• Question: -molecular science and genetics Will cloning become a standard medical procedure?

    Asked by urberturnstin to Cathal, Ciara, Emma, Michael, Sive on 11 Nov 2013. This question was also asked by mcgoldrick99.
    • Photo: Sive Finlay

      Sive Finlay answered on 11 Nov 2013:


      It depends on what type of cloning you’re talking about.
      There are 3 different types of cloning, each of which have very different applications. Gene cloning is when you produce new copies of specific DNA sequences. You can then insert those copies into other cells and genetically engineer those tissues to have specific properties. Gene cloning is already standard in many areas of research including those with medical applications.
      Reproductive cloning produces copies of whole animals and it’s the technique that was used to create the famous sheep Dolly and several other cloned animals. No one has succeeded in cloning humans and I don’t think we will ever reach a stage when it’s “standard” to produce a cloned copy of yourself to harvest body parts…
      Therapeutic cloning produces stem cells which can then be used to grow and repair body tissues. There are lots of ethical considerations about where these stem cells should come from and how they should be used. Therapeutic cloning has a great medical potential, particularly in areas such as organ transplant; imagine growing your own new kidney instead of waiting for a donor one to become available! There are still lots of technical and ethical issues to overcome to get to this goal but yes, at some stage, I think therapeutic cloning will become a standard medical procedure.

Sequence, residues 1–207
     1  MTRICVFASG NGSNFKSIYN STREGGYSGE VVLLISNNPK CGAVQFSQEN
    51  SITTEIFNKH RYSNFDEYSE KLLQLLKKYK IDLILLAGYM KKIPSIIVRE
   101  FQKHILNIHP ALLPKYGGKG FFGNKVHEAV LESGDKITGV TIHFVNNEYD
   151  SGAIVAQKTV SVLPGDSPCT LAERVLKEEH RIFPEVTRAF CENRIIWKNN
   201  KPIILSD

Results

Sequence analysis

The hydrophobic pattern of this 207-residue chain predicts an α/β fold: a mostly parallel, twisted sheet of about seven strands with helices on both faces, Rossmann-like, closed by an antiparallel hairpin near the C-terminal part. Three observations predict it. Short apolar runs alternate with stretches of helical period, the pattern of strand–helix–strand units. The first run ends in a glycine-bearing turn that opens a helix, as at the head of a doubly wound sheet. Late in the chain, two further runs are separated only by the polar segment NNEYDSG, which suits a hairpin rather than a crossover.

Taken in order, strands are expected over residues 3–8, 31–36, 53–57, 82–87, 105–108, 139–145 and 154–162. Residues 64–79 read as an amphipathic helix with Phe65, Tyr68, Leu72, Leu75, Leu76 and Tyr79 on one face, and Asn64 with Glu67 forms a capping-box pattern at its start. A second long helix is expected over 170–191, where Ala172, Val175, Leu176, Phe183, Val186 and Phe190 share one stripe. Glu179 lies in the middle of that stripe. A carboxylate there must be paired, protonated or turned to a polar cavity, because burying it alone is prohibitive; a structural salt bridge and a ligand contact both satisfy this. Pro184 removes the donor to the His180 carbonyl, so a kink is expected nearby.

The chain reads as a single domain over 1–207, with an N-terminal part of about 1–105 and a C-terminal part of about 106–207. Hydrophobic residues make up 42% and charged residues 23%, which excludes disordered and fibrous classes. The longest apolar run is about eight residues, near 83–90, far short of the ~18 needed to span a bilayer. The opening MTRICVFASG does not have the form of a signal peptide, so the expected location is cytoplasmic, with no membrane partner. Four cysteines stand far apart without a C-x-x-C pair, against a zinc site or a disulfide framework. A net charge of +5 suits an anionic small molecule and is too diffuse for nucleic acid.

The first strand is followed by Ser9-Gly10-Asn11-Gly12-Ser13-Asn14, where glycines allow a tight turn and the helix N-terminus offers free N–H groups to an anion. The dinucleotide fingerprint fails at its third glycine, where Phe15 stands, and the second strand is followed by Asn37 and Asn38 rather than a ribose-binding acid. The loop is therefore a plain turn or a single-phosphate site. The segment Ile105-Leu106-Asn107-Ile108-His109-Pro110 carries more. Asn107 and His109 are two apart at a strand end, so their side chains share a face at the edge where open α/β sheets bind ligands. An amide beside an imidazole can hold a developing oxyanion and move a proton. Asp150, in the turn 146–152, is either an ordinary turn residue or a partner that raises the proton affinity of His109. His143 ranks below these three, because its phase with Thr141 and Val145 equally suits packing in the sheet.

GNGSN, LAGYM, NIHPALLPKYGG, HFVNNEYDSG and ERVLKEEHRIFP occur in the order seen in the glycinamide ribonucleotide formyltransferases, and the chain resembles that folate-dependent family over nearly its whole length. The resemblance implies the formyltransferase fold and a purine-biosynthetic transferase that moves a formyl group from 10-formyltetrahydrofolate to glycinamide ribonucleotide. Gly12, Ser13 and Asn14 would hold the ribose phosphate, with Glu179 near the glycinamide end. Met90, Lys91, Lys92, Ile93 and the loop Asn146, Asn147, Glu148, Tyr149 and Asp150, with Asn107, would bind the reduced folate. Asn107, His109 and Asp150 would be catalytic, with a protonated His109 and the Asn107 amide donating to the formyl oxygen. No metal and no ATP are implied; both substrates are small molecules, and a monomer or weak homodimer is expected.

• Photo: Emma Cahill

      Emma Cahill answered on 12 Nov 2013:

      As Sive said really well, I agree that the technology in already well in place to use cloning as a standard procedure but ethical issues about Human Cloning are debated a lot and will be for a long time. .
      I just wanted to add something that made me laugh when I heard about the famous “Dolly” the sheep ages ago. She was generated in Scotland I think, from cells taken from the mamillary gland of another sheep. As the mammary is actually the breast, the scientists names her after Dolly Parton because she is so “well-endowed”!